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Going for the green

Fees are going up at county golf courses. The city owns courses too. But are government-run services such as golf courses a thing of the past?

March 25, 2011

County supervisors voted Tuesday to increase a number of fees, including greens fees at public golf courses. Outrageous? No. Smart. And appropriate.

Few but avid golfers — the enthusiasts of more typical means, not the rich ones who can join private country clubs — may be aware that Los Angeles County provides public courses for modest greens fees. It's one of those things that, for golfers, enhances the region's quality of life. Like tennis courts and other public sports facilities, the county Department of Parks and Recreation's 17 public golf courses provide recreation, not in more developed and more expensive urban areas but generally in smaller, less built-up cities and unincorporated areas.

Public golf is nice to have. But given the amount of park space taken up by golf courses and the proportion of people who use them compared with those who would like to have more soccer fields, basketball courts, baseball diamonds or picnic grounds, it makes sense to ask whether golf is the best use of county resources — especially since the use of public space is by definition subsidized by all county taxpayers, even when fees rise to meet the immediate costs of operations.

The fee hikes, made pursuant to a required annual review, are modest, to say the least. It will cost $1 more, or $26, to play at regulation 18-hole courses on weekdays, and $2 more, or $35, on weekends. That's still about 25% less to play golf at county courses than at the average public course in Southern California, according to the Department of Parks and Recreation. The new funds will go toward maintenance.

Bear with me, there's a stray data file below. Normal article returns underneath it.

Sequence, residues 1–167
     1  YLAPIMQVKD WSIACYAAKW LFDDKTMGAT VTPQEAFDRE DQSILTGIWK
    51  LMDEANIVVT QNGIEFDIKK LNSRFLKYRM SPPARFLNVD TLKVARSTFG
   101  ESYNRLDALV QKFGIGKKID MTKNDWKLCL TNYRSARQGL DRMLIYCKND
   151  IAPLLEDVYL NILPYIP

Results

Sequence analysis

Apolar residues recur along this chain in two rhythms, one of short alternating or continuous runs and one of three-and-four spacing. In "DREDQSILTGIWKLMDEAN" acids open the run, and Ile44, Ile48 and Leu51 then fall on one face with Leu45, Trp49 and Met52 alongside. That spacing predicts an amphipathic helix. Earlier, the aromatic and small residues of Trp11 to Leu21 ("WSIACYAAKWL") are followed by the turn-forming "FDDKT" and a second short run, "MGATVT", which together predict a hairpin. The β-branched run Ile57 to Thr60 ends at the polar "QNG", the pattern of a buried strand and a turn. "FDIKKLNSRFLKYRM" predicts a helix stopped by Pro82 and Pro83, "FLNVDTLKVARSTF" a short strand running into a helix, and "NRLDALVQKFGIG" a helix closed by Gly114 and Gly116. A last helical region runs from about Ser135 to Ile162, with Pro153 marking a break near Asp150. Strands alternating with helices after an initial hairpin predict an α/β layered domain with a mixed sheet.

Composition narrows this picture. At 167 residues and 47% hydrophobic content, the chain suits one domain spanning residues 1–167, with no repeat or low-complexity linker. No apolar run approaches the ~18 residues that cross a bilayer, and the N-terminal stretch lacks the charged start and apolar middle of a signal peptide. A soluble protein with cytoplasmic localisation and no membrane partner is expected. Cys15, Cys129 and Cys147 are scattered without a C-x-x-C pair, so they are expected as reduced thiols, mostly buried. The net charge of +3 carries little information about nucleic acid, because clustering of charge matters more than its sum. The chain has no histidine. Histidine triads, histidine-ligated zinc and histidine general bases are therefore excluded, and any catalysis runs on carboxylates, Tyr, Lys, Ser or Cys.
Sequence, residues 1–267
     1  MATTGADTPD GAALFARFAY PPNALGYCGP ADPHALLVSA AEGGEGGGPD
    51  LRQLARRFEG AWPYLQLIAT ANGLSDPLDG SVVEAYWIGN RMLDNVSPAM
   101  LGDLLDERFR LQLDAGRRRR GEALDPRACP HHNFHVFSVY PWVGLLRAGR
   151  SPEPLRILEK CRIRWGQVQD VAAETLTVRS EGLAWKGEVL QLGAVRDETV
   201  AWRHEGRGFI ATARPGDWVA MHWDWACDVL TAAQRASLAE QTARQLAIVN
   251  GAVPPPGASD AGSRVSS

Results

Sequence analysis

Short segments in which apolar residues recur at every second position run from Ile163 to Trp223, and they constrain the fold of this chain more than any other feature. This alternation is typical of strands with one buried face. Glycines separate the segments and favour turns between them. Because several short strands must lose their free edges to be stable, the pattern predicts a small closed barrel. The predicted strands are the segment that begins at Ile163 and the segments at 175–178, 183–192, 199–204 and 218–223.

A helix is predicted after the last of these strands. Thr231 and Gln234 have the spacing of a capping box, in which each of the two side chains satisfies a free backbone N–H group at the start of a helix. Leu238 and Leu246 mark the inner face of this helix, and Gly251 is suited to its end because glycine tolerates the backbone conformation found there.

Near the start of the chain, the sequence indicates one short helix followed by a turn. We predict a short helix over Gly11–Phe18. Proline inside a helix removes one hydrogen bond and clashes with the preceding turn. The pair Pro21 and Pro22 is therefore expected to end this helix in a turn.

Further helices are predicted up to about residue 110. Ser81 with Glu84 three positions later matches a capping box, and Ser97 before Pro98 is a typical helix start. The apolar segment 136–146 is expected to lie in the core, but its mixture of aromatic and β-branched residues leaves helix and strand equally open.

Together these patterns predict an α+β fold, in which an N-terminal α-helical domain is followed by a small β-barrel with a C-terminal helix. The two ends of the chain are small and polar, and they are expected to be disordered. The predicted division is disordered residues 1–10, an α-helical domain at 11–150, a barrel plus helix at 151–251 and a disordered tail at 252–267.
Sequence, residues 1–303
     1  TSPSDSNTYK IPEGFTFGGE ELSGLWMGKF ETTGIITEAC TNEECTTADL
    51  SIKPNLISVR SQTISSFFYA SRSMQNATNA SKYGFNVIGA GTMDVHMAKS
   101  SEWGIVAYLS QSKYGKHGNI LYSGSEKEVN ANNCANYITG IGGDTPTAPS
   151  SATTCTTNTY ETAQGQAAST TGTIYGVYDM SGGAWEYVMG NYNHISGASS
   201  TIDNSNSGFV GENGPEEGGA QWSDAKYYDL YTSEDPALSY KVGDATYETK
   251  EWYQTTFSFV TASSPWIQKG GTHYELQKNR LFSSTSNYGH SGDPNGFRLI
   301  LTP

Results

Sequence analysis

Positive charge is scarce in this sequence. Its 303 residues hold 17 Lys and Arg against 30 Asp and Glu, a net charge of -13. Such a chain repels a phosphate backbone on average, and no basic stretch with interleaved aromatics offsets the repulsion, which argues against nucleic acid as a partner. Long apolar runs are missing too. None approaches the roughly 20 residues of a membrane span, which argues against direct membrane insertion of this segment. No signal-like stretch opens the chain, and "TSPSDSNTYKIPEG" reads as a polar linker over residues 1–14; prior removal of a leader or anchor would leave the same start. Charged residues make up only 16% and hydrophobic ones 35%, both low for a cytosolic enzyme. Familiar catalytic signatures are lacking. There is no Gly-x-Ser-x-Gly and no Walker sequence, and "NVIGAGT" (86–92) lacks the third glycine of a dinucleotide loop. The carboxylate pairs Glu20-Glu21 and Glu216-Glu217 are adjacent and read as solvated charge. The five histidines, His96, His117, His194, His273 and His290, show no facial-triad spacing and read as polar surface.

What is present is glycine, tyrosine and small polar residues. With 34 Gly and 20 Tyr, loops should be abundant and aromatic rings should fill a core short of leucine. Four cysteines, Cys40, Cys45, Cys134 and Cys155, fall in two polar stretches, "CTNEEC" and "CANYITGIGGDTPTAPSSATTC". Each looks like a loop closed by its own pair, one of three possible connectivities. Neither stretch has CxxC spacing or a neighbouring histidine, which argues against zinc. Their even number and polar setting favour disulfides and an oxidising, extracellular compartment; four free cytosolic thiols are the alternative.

County government is strapped, but it's in better shape than the city of Los Angeles, which has 14 golf courses of its own in more congested and expensive urban areas. The city is — or should be — in the soul-searching process of rethinking what services and benefits it absolutely must supply residents and which ones it can no longer afford. City budget-crunchers must begin to see that golf belongs to an era not merely in which a greater proportion of residents played the game, but which had different priorities for civic dollars that were then far less scarce.

One problem is that cuts to the city parks department, which runs city golf courses, are likely to be met by a ballot measure similar to the one approved several weeks ago that took more money from the budget and awarded it to libraries. This isn't setting priorities; it's the public saying "no" to leaders' efforts, however sluggish and feeble, to set budget priorities and make choices. It's up to Mayor Antonio Villaraigosa and the City Council to lay out for voters where the city should go, what it should do and what it must do without.

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